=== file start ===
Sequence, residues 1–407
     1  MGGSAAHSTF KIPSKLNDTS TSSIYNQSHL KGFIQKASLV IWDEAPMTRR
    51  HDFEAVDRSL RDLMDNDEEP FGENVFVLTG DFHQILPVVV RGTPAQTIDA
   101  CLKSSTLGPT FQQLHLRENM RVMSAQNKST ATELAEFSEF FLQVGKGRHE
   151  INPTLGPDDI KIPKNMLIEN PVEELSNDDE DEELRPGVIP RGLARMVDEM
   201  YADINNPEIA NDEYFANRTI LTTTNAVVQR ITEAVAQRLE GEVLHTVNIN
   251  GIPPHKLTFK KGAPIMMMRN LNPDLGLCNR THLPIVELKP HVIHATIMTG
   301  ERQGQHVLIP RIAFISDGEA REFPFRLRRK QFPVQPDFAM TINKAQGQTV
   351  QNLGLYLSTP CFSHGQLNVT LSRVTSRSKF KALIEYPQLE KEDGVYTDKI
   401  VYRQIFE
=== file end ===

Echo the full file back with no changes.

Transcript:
Sequence, residues 1–407
     1  MGGSAAHSTF KIPSKLNDTS TSSIYNQSHL KGFIQKASLV IWDEAPMTRR
    51  HDFEAVDRSL RDLMDNDEEP FGENVFVLTG DFHQILPVVV RGTPAQTIDA
   101  CLKSSTLGPT FQQLHLRENM RVMSAQNKST ATELAEFSEF FLQVGKGRHE
   151  INPTLGPDDI KIPKNMLIEN PVEELSNDDE DEELRPGVIP RGLARMVDEM
   201  YADINNPEIA NDEYFANRTI LTTTNAVVQR ITEAVAQRLE GEVLHTVNIN
   251  GIPPHKLTFK KGAPIMMMRN LNPDLGLCNR THLPIVELKP HVIHATIMTG
   301  ERQGQHVLIP RIAFISDGEA REFPFRLRRK QFPVQPDFAM TINKAQGQTV
   351  QNLGLYLSTP CFSHGQLNVT LSRVTSRSKF KALIEYPQLE KEDGVYTDKI
   401  VYRQIFE